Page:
Any thoughts? I realize there are challenges with this approach but with this size kitchen and my priorities every approach presents challenges, so I picked ones I think I could live with.

    Bookmark   May 21, 2013 at 1:35PM
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I know NYC has special challenges that are unique to that one place. I stayed with a friend who still had the raised bathtub with the counter that closed over it in the kitchen. (converted into a shower with plywood and plastic)

Is it in the budget to put a door in Both windows that were discussed?

    Bookmark   May 21, 2013 at 1:59PM
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Palimpsest, I definitely want doors off both kitchen and dining room but figure that we have to choose one now - and we can add a 2nd door when money allows if we want or need to, and the deck layout allows for it.

We still have a claw-footed tub in the bathroom that has been turned into a shower with a wire circle over it and a shower curtain, it's a great cast-iron tub but certainly old. I love it now but it took me a year to use it in the first place, I originally preferred our other shower that is in a renovated bathtub/stall.

    Bookmark   May 21, 2013 at 2:16PM
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It sounds like a highly functional kitchen. I agree the traffic through the kitchen is not ideal, but you know how you live the best and sounds like you've thought it through. One thing I was wondering is why you feel the need to keep a decorative soffet? It your cabinets go all the way to the ceiling, perhaps a custom cabinet maker could build out your crown such that it meets the existing tin ceiling if you are unable to get salvage (which I would look into). It looks like you have high ceilings so that would be extra storage. You could do stacked upper cabinets with the upper cabinets having glass fronts.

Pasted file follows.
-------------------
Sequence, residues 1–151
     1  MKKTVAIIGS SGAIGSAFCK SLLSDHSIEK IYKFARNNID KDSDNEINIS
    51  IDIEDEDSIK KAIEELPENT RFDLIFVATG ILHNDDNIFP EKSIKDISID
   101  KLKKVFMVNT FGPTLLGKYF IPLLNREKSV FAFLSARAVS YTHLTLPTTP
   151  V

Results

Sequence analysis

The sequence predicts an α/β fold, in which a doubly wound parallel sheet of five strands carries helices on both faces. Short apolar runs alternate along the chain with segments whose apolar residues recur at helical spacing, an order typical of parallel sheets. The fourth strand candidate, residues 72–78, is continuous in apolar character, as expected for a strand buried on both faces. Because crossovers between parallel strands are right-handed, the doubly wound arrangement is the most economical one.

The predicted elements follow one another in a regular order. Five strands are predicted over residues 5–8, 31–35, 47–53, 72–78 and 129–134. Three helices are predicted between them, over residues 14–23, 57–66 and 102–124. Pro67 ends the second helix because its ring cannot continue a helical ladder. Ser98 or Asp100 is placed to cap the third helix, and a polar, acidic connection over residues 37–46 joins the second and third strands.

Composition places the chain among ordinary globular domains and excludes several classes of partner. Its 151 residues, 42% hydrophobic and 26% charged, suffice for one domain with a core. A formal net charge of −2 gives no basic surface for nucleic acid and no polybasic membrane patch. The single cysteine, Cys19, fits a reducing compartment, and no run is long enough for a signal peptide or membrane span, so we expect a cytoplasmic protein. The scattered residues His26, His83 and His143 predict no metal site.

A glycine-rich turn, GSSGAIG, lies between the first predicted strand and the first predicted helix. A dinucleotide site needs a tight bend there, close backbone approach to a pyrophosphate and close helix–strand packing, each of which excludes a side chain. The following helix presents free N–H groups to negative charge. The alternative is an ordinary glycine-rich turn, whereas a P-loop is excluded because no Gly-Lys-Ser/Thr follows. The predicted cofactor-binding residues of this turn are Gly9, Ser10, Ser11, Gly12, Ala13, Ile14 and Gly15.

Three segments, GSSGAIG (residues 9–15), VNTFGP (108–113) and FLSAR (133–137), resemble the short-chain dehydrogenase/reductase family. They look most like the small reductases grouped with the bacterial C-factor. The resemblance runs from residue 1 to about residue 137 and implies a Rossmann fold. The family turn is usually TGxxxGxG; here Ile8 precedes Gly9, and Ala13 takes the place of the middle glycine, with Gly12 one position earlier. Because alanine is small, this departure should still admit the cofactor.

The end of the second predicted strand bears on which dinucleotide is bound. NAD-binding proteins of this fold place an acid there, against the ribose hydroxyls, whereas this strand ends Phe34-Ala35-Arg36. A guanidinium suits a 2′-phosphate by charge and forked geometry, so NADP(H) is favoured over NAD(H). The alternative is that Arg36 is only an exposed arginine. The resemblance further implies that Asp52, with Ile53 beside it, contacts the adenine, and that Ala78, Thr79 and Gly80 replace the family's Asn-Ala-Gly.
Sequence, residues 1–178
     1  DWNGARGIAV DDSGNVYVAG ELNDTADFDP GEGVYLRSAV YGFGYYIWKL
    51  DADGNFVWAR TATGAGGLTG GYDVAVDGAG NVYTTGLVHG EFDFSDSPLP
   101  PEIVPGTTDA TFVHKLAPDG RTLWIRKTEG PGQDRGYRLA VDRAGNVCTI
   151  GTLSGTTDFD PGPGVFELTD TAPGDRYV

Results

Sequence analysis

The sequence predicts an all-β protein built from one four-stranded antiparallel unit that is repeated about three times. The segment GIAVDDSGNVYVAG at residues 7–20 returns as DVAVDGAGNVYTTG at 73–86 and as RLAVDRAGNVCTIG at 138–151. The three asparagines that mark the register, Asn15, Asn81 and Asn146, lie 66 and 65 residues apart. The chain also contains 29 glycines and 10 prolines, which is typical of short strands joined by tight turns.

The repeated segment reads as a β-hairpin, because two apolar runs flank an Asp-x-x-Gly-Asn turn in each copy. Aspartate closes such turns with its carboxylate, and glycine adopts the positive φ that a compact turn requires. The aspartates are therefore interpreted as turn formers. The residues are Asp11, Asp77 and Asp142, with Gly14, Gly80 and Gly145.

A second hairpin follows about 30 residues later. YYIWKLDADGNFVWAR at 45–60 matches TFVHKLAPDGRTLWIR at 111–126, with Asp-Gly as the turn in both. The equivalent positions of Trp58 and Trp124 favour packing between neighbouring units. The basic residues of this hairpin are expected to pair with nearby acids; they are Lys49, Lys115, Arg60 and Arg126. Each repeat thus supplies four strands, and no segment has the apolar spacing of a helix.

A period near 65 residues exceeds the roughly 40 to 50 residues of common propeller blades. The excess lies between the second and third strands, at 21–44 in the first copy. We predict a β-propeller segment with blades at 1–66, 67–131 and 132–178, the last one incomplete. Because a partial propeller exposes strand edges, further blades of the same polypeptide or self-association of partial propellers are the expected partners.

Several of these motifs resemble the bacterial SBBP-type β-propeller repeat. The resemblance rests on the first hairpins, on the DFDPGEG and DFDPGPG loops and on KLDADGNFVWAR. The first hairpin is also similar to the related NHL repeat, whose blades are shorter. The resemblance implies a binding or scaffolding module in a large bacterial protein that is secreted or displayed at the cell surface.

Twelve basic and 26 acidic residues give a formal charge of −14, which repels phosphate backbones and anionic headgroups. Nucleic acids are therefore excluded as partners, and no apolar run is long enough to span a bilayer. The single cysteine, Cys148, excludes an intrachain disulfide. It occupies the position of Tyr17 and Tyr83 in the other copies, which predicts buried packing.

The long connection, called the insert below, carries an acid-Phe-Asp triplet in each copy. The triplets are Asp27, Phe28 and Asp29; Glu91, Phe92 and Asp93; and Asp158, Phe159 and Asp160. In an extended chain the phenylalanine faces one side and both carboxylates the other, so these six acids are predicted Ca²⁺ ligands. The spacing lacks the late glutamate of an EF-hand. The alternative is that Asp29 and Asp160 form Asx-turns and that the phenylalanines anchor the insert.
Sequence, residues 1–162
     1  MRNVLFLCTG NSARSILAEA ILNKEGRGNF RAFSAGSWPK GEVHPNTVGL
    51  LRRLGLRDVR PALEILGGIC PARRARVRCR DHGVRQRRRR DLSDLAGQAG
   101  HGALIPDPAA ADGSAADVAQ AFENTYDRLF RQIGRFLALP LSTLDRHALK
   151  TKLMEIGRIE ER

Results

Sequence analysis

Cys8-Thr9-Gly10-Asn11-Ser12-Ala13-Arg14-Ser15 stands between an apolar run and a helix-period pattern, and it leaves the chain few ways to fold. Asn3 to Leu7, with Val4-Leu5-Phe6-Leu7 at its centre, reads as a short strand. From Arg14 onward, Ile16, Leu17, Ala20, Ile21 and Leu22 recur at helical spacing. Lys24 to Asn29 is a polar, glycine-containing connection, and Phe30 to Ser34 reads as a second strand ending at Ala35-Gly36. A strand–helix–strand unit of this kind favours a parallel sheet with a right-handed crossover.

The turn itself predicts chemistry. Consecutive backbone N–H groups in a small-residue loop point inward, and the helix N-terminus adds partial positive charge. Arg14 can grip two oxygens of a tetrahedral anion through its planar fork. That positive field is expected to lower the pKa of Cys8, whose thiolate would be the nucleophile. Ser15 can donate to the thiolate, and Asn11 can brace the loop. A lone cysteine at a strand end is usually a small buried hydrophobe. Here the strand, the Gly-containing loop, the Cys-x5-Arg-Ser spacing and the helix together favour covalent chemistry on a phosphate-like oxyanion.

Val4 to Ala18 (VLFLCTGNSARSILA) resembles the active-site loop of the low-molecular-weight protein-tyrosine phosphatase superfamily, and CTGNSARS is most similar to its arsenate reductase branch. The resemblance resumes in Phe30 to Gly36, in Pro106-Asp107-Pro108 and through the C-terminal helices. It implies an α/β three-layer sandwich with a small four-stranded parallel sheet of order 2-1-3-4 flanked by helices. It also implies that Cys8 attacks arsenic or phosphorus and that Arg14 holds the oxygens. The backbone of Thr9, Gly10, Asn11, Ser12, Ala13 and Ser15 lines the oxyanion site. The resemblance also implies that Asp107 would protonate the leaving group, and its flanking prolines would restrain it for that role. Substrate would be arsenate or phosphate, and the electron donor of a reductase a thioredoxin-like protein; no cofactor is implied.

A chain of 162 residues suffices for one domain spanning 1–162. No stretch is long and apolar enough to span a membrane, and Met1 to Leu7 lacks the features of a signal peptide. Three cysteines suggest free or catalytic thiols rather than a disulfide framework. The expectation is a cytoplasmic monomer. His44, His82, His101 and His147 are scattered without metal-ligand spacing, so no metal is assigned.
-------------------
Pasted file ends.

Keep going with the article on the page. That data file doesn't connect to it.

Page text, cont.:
Bookmark   May 21, 2013 at 2:30PM
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Please, please please do not put a door in the dining room window. It would look terrible and ruin the flow of those beautiful architectural elements.

Many old houses have doors in the kitchen and flow thru traffic. Both my 1900 condo and my 1928 house have the same. Not ideal, certainly when compared to huge modern kitchen, but absolutely normal in an old house. Heck, in NYC, it's not uncommon to walk thru bedrooms to get to bathrooms, or have a bedroom with no closet. Unless you have a buffalo heard of teenage boys going thru every hour, I don't see the big deal. You are absolutely right to move the plumbing, is the time.

If you can put a door with stained glass in the kitchen, that would help with the loss of the window....but stained glass would help ensure privacy from intruders. If you could find some stained glass that picks up the DR motif, even better.

    Bookmark   May 21, 2013 at 3:41PM
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Navi jen, you're one of the few people who have said not to put the door off the dining room for aesthetic reasons. My first take on it was, great now we have an easy point of access to the outside; my second take was, that it was only an option if the trim stays "as is", which I've been told is an option especially if we put a door that matches the interior in terms of panels (but I'd want glass panels, for light). But I'm tending to agree with you that we should do that in the kitchen instead, if we can make it work.

I don't mind non-stained glass on the door, for light, since windows would also mean no privacy (although with windows we would have blinds). Perhaps mottled or tinted glass to let in light only? Then again I want people to be able to see in from the deck - on our ground floor we have a swing-in inside door off the dining room to that deck, with a panel on the bottom half and glass panels on the top half and no shades or blinds (no privacy), and the swing-out screen door is all screen panels, so when we open the inside door, we get better light. But I think a swing-in door on the 2nd/parlor floor will get more in the way of the kitchen. (the ground floor is going to be a rental once we get the parlor floor done and clear off the ground floor, I'll miss it but it's small so makes sense to go up a floor)

    Bookmark   May 22, 2013 at 5:38AM